A train comprised a number of passenger carriages, goods wagons or specialist wagons, and a brake van, and during a day’s travel it would have a number of different engines. Soviet trains were 120 axles long, which gave a gross weight of 1,200 tonnes for the rolling stock and cargo or a net weight of 650 tonnes of cargo. Typically this was 60 two-axle goods wagons, each carrying 10–15 tonnes of cargo, 40 men or eight horses. German military trains were smaller at 90 axles long with a gross weight of 850 tonnes and a net cargo load of 450 tonnes in a series of standardized military trains (I Type: 26 flatcars, 28 goods vans, one brake van carrying 350 men, 20 vehicles, and 70 horses) so that an Infanterie Division could be carried by 70 trains or a Panzer Division in 90.
The capacity of a particular line was the number of trains that could run down its length both up and down, usually given as 12 pairs of trains a day for single lines or 24 pairs of trains for double track lines for restored military railways. However, double-track lines run by the Reichsbahn in Germany might achieve 72 or 144 train pairs a day; the difference was due to the number of sidings that allowed trains to pass one another and the complexity of the signaling equipment. Each length of track was divided up into ‘blocks’ of varying lengths, which had a signal post at either end and a siding to allow trains to pass each other. The rule was that only one train was allowed into each block at a time, and at a rate of 12 pairs a day, this represented a train passing a block once every hour. For higher-capacity lines, the sidings and blocks were more numerous, but a key element of capacity was the running speed of trains. An express train traveling at high speed down a length of track would need to pass slower passenger trains and the even slower freight trains, each of which would need to move into a siding before the express entered the block. While some effort was made to separate traffic during the course of the day, so that most freight ran at night and passenger services ran during the day, this was not always possible, and a key determiner of capacity was the difference in speeds between the services. The Reichsbahn ran trains at a wide variety of speeds, with its freight trains traveling at 50 km/hour, but this required complex signaling and track architecture, and it also needed strong track to withstand the buffeting from trains, as wear and tear increased exponentially, the faster the speed of the trains. The NKPS avoided these issues because it ran almost all its trains at a uniform speed, typically 25 km/hour.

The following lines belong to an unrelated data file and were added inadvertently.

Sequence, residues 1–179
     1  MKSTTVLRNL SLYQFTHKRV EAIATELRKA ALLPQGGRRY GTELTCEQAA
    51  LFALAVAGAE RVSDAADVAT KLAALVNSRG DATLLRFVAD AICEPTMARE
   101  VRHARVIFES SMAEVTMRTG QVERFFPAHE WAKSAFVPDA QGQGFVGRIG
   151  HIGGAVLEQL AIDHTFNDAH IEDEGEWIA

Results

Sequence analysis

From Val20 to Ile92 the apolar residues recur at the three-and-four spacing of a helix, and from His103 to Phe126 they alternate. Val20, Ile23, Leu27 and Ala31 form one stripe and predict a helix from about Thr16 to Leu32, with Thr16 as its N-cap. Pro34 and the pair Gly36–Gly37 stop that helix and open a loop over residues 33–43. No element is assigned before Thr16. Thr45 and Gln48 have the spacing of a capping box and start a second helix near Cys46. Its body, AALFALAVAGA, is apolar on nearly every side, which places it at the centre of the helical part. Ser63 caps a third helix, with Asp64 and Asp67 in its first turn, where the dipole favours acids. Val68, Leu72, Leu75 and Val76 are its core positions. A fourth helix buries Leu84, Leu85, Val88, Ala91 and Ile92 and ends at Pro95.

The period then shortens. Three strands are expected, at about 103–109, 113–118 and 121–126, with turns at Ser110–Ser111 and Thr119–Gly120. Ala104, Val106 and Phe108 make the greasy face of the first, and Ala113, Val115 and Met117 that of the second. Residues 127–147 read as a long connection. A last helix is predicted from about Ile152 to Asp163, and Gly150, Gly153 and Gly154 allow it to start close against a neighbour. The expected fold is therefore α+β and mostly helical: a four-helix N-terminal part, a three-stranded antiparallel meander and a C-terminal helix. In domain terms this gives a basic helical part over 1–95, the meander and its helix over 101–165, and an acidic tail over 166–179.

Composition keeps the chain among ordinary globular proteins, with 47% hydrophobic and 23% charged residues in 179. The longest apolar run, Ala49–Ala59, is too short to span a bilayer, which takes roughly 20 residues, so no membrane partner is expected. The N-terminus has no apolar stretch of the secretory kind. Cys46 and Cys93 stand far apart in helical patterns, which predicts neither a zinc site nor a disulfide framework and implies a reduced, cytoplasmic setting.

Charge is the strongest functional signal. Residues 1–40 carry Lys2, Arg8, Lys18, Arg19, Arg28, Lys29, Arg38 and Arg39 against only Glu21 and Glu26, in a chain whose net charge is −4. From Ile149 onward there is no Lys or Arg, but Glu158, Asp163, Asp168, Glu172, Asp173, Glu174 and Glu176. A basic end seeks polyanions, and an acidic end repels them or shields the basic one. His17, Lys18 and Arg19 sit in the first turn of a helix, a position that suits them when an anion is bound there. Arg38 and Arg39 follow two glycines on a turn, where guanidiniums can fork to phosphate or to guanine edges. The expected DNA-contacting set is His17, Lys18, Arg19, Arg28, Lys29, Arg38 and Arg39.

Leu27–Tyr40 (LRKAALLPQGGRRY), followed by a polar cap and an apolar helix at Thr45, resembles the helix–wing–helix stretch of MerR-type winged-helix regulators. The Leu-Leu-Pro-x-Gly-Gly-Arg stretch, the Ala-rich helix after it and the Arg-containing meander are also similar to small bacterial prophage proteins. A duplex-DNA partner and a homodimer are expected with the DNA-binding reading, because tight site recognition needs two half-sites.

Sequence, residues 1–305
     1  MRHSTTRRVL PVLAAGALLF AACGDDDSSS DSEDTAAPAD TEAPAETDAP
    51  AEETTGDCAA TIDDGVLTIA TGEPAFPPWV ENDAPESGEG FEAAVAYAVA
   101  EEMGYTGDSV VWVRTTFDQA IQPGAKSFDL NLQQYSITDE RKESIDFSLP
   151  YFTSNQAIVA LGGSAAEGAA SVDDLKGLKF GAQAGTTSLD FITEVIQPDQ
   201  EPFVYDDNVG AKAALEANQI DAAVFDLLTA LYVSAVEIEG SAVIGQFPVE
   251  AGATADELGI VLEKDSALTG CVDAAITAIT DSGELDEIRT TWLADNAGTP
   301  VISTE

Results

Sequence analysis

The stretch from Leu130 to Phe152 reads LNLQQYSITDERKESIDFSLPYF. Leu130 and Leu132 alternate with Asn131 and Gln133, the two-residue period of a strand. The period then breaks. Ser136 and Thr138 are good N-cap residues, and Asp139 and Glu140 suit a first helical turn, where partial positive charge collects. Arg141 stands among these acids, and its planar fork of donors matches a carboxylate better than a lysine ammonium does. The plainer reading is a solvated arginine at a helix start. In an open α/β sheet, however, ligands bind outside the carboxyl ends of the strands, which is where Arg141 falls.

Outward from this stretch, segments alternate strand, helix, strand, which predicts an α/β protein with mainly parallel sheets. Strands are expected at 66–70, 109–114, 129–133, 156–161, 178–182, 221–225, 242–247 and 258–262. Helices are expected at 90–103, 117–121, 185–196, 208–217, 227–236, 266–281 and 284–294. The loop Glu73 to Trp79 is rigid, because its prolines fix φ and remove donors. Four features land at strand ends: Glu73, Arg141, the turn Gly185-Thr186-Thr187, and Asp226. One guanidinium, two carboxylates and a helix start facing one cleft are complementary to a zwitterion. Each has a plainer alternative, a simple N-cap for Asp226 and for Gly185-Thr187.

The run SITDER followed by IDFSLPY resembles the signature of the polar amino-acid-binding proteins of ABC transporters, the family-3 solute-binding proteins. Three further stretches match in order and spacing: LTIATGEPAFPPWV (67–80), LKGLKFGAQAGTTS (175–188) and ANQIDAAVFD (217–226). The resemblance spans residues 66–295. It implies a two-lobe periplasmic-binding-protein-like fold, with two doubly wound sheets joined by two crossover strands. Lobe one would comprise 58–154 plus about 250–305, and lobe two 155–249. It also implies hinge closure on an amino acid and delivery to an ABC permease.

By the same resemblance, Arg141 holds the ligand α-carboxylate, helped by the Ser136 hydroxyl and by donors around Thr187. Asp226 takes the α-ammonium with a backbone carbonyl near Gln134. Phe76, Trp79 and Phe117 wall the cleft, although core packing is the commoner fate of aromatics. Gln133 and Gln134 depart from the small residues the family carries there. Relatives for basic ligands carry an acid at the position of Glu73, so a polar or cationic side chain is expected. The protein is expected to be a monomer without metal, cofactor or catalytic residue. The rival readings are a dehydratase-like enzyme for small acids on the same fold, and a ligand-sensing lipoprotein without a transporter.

Reichsverkehrsministerium in the Russian campaign